Join Ben Long for an in-depth discussion in this video Merging a focus stack with Photoshop, part of Foundations of Photography: Macro and Close-Up.
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So, I've taken my massive data, my huge stack of images, out of my camera, and copied them onto…my computer. I am ready to start the merging process.…I am going to do that using Photoshop CS6.…Now, if you are using an earlier version of Photoshop, you might still have the same feature.…You can find out by going to the Edit menu, and seeing if there is an Auto-Align Layers,…and Auto Blend Layers. Doesn't matter if they are grayed out; you just need to have them…there. If you have got them there, then you're going to be able to follow along here.…I'm going to switch over to Bridge now, where I am browsing the folder, where I copied all of my images. [00:00:3.15] As you will recall, I shot RAW+JPEG.…
My idea was merging raw files takes such a long time that, because I don't know yet if…my shot really works, I would also shoot lo- res JPEG files, so that I could get a quick speedy…merge to find out if my lighting is okay, if I like the shot, if it set up well.…So, that's what we are going to do. We're going to merge these JPEG files.…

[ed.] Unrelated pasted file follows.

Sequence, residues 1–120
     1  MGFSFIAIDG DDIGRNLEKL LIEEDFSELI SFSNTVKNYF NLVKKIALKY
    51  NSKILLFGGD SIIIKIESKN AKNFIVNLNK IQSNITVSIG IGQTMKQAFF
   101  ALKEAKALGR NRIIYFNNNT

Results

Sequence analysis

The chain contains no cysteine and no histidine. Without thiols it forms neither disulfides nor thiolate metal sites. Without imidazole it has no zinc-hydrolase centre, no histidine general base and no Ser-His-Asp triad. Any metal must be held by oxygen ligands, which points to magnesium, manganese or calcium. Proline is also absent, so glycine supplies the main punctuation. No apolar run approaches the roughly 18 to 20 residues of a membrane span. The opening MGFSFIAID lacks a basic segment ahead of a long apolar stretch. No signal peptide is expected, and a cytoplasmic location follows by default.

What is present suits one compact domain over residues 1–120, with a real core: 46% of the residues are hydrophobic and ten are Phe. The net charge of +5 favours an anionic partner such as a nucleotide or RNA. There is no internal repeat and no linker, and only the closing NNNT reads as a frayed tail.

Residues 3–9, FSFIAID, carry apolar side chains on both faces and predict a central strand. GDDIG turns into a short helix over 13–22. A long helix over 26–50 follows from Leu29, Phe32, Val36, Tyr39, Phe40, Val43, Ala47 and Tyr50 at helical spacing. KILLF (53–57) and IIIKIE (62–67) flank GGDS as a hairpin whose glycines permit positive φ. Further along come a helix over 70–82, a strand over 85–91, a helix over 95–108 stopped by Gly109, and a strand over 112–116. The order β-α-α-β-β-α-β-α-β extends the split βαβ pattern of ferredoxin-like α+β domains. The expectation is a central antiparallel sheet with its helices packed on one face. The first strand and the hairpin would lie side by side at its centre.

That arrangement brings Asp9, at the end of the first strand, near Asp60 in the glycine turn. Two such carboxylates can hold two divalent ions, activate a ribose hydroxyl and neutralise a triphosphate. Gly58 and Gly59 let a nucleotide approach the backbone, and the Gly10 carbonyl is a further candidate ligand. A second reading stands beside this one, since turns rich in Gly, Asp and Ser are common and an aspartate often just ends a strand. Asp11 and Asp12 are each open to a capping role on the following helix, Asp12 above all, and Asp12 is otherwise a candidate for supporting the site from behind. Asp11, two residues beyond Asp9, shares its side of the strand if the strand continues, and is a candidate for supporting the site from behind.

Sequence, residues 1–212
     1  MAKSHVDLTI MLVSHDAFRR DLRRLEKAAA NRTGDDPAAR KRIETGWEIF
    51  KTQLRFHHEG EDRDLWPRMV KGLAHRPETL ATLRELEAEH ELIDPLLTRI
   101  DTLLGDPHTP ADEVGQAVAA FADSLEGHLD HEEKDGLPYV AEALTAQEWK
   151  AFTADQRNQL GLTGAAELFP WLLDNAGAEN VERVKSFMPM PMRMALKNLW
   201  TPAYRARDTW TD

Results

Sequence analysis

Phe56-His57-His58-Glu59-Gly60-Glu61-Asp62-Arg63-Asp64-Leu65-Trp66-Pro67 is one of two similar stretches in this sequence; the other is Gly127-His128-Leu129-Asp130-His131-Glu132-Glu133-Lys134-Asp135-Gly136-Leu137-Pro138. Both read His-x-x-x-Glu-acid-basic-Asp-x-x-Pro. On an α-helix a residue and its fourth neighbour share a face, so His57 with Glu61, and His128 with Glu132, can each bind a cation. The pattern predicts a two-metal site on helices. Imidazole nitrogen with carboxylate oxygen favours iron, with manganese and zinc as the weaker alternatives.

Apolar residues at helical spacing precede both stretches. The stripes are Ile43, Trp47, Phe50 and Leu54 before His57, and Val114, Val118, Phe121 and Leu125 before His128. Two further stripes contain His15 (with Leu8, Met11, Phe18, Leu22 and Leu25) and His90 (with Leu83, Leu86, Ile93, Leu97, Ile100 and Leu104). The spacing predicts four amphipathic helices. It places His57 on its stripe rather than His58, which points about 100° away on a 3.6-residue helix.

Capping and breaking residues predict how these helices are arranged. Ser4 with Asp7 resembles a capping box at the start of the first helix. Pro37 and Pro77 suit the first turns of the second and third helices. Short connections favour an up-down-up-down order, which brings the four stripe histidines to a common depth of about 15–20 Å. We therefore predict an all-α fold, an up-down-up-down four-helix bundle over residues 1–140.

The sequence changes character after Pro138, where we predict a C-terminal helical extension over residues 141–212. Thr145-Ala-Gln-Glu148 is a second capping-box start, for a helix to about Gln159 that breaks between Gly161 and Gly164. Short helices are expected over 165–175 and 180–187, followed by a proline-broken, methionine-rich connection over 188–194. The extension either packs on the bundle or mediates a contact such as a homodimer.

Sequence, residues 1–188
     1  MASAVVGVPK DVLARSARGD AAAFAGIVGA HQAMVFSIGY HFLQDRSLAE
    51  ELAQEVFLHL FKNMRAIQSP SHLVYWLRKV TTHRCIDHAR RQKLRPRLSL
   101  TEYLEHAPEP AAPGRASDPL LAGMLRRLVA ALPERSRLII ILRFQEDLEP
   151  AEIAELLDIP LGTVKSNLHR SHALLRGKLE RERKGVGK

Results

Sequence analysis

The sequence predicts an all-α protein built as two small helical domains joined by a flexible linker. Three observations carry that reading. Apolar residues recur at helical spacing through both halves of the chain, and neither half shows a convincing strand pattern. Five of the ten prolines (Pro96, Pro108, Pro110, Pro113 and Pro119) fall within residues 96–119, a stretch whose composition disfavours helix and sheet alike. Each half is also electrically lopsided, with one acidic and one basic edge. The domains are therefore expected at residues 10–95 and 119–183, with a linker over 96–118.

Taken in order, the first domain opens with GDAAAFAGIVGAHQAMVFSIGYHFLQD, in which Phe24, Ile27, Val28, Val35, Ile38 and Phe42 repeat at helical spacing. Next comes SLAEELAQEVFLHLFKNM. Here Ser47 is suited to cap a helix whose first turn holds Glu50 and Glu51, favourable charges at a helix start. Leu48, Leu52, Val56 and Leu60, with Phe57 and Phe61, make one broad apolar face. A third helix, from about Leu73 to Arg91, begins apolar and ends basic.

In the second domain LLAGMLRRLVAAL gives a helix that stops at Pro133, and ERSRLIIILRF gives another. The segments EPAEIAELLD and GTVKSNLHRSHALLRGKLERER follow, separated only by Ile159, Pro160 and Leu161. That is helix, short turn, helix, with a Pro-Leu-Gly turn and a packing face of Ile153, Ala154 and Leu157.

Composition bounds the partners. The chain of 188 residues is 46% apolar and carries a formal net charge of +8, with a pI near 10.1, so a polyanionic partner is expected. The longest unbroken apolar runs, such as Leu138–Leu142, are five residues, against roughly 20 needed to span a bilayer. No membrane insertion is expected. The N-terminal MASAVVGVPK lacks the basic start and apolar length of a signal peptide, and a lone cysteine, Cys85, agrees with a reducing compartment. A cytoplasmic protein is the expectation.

After touring the possibilities of macro photography, the course details essential gear at several price levels, including lenses, flashes, and other accessories. Next, Ben explores the special challenges of macro photography: dealing with moving subjects, working with extremely shallow depth of field, focusing, lighting, and more.
The course also explores advanced close-up tools and post-processing techniques, such as using Adobe Photoshop to "stack" multiple shots to yield wider depth of field than a single shot can convey.
- What is a macro photograph?
- What is a macro lens?
- Finding good subject matter
- Evaluating macro gear like extension tubes and tilt-shift lenses
- Composing and framing shots
- Exploring depth of field
- Lighting macro shots
- Working with light tables
- Editing macro shots